On his third working day as U.S. President, Donald J. Trump signed two executive orders relating to immigration and border protection. One of these, entitled "Enhancing Public Safety in the Interior of the United States," included a provision that will significantly affect the privacy practices of U.S. agencies with regard to the personal data of noncitizens. This represents a significant policy change in how the U.S. federal government promises to treat the personal information collected on noncitizens through programs outside of the intelligence community, including visas, refugee databases, and immigration records.
Some have speculated that this order could “wreck Privacy Shield,” or affect the so-called Umbrella Agreement, which governs information sharing by law enforcement across the Atlantic, but an analysis of this executive order in relation to the Judicial Redress Act shows that Umbrella should be unaffected and that there is nothing that would directly affect Privacy Shield. For now.
Under the Privacy Act of 1974, federal agencies must meet certain minimum privacy requirements if they maintain searchable databases that include the personal data of U.S. persons. Though not required by the text of the law, many agencies have extended their interpretation of the Act to apply to records of non-U.S. persons when they are mixed in a single database with those of U.S. persons (known as “mixed systems of records” or just “mixed systems”).
The executive order requires agencies to reverse any such broad interpretations of the Privacy Act:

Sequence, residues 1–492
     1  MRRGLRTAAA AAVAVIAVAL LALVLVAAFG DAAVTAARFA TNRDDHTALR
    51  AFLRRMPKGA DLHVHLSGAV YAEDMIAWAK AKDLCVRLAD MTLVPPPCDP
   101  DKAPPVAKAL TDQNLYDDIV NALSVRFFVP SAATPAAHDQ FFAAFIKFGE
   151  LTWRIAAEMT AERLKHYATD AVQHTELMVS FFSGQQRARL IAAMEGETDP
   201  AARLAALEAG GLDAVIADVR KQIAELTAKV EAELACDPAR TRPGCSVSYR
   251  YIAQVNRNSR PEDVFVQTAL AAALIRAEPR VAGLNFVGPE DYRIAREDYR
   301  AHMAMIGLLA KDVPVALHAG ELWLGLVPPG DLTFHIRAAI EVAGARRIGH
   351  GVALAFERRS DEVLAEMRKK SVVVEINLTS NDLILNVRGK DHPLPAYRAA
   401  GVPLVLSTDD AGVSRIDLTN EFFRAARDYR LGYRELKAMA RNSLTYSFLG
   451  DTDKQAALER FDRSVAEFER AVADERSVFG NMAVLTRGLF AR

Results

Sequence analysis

The Executive Order applies only to federal administrative agency privacy policies, so its direct effect is limited to weakening privacy protections for non-U.S. persons whose personal data is stored in mixed systems of records. This significant policy change will allow the federal government to more readily share this data between agencies as well as to publicly release names of non U.S. persons.
The Privacy Act of 1974 provides protections for the personal information of citizens and lawful permanent residents (LPRs) held by federal agencies in a “system of records,” that is, in a database searchable by name or other identifier (5 U.S.C. § 552a, as amended). Specifically, any federal agency that collects, maintains, or uses personal information about citizens or LPRs in a system of records may not disclose this information “by any means of communication to any person, or to another agency, except pursuant to a written request by, or with the prior written consent of, the individual to whom the record pertains.” This provides a basic right of consent before information collected by the federal government may be used or shared in a way inconsistent with the purpose for which it was collected. (The Act also provides 12 exemptions under which agencies may release personal information in lieu of obtaining consent.)
Individuals covered under the Act also have a right to access their records and to request correction if the records are inaccurate. Together, these provisions make up the rules that the executive order describes as “protections of the Privacy Act regarding personally identifiable information.”
Because only U.S. citizens and LPRs are covered individuals under the Act, all others do not have the same statutory rights with respect to federal collection, storage, and use of their personal information. Categories of people who do not count as citizens or LPRs include: undocumented aliens, nonresident aliens (including travelers, students, and temporary workers), refugees and asylees, as well as individuals who fall under special provisions such as Deferred Action for Childhood Arrivals (DACA) or the Violence Against Women Act (VAWA). (EU citizens are still protected under the Judicial Redress Act, as explained below.) However, the Privacy Act’s distinction between the rights of U.S. and non-U.S. persons has not stopped federal agencies from voluntarily adopting policies that extend basic privacy protections to these individuals.